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We hear a lot about FEMA in the news. Mainly because there are a seemingly unending number of disasters they respond to in America.

But like lots of other acronyms – NASA, NASDAQ, ICBM, to name a few – we might forget what the letters stand for. As a reminder, FEMA is the Federal Emergency Management Agency.

They’ve taken a lot of heat through the years. Heck, I’ve criticized them too. Mainly because they’ve been unable to respond quickly and well enough to meet the needs of disaster victims.

But once FEMA officials admitted they were incapable of doing what they were designed to do, criticism died down. And then they added that people need to prepare for emergencies. Which, of course, is what we’ve been saying all along.  

Mission: disaster response

Here’s a brief history lesson about FEMA. Including the agency’s establishment, mission and activities.

Stay with me here because I want to remind you of how important it is to remain self-reliant. FEMA won’t always be able to protect you.

FEMA was founded in 1979 under President Jimmy Carter. The agency’s primary mission has always been the same. To coordinate responses to disasters overwhelming local and state resources.

Since 2003, FEMA is under the jurisdiction of the U.S. Department of Homeland Security. Its 2021 budget was $22.1 billion.

By invitation only

In order for FEMA to step in and help, a state’s governor must declare a state of emergency. And request assistance from the U.S. president.

The exception is if a disaster occurs on federal property or to a federal asset. Examples are the 1995 bombing of a federal building in Oklahoma City. And the 2003 Space Shuttle Columbia disaster.

Whenever it is called in, FEMA provides on-the-ground support of disaster relief efforts. It also provides experts in specialized fields to local and state governments. As well as funding for rebuilding efforts. 

In addition, FEMA issues funds for the training of response personnel. Throughout the country and its territories.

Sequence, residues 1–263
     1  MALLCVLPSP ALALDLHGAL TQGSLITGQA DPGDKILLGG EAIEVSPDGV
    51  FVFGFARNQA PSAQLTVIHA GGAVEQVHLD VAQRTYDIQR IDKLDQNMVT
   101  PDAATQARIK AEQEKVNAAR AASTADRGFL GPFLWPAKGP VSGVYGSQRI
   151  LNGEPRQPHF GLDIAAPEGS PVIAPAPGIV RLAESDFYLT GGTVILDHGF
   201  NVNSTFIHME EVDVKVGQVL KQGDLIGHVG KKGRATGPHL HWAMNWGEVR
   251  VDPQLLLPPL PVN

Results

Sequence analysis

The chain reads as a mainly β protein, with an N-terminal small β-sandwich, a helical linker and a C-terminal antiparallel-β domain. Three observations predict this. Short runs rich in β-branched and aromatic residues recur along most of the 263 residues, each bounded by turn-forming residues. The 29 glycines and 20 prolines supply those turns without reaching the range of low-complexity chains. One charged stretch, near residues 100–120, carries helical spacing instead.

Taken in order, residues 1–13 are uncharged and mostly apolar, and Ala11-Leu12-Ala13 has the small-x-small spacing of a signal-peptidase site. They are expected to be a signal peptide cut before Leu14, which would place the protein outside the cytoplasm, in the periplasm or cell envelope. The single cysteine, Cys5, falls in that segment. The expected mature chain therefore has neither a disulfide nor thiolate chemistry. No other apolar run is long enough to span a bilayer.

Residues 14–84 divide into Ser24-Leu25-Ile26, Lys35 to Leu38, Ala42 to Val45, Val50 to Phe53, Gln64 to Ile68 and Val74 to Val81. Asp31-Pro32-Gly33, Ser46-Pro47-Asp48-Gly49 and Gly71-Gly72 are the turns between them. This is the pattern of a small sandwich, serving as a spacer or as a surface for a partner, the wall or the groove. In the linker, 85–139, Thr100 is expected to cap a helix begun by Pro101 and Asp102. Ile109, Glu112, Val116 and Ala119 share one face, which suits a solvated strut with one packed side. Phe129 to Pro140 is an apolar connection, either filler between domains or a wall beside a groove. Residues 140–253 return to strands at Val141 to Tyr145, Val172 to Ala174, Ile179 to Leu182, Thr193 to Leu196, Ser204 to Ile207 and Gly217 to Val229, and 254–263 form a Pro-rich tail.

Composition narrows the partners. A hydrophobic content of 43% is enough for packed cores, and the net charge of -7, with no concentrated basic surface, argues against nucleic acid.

Federal assistance started in 1803

Now, federal assistance for disaster relief was available long before FEMA’s formation.

The first time the federal government provided relief after a disaster was 1803. Congress extended a deadline for merchants to pay tariffs on imported goods. This followed a series of fires in Portsmouth, New Hampshire.

Other examples of federal assistance in the 1800s followed the Great Fire of New York in 1835. And the collapse of John T. Ford’s Theater in 1893.

Last century, feds stepped in with assistance during the Great Depression. As well as with road reconstruction and irrigation projects after severe flooding.    

2020 & 2021 busiest years ever

I’m sure you’re not surprised to learn that the past two years have been the busiest in the agency’s history.

In 2020, for the first time, the agency responded to disasters in all 50 states. As well as in Washington, D.C. and five U.S. territories.

There have been hundreds of presidentially declared emergencies and disasters the last two years. The agency has also sent out tens of thousands of alerts over its Integrated Public Alert and Warning System.

Well over 10,000 FEMA employees supported response efforts to hurricanes, blizzards, wildfires and much more. 

More than $1 billion was paid out to flood insurance policy holders. Billions more went for grants to disaster survivors. And to help communities prepare for disasters. 

Pandemic & weather dominated 2021

A major portion of FEMA’s time and budget went to coronavirus pandemic response in 2020 and 2021. The agency coordinated the shipping and/or delivery of billions of gloves, surgical masks, respirators, gowns, face shields and more.

FEMA also teamed up with the Department of Health and Human Services for pandemic responses. As well as the Department of Defense and the U.S. Army Corps of Engineers.  

But plenty more time and money was spent on relief from a variety of weather-related disasters. The agency responded to Winter Storm Uri in February 2021, which included a deep freeze in the South.

Plus Hurricane Ida in the Southeast in August; Western drought, heat waves and wildfires in the summer and fall; tornadoes in Kentucky and surrounding states in December; and many more.   

Self-sufficiency is the key

By its own admission, FEMA can’t help everyone who needs it following extreme weather or other disasters. And certainly not in a timely manner.

That’s why it’s crucial to become self-reliant through preparedness. It has been repeatedly proven that we can’t count on any agency – local, state or federal – to save us in times of distress.

We can only count on ourselves. And that requires a mindset of preparedness. And a stockpile of the most important things we’ll need to survive when the stuff hits the fan.

Now, there are plenty of survival products that would be good to own. But it’s tough to top survival food to get you through a 72-hour period. Especially when you can double your food amount without having to pay extra for it.

You’d have to be quite optimistic to believe 2022 will be easier to deal with than the past two years were. But if you’re prepared for it, it just might be for you and your family.  

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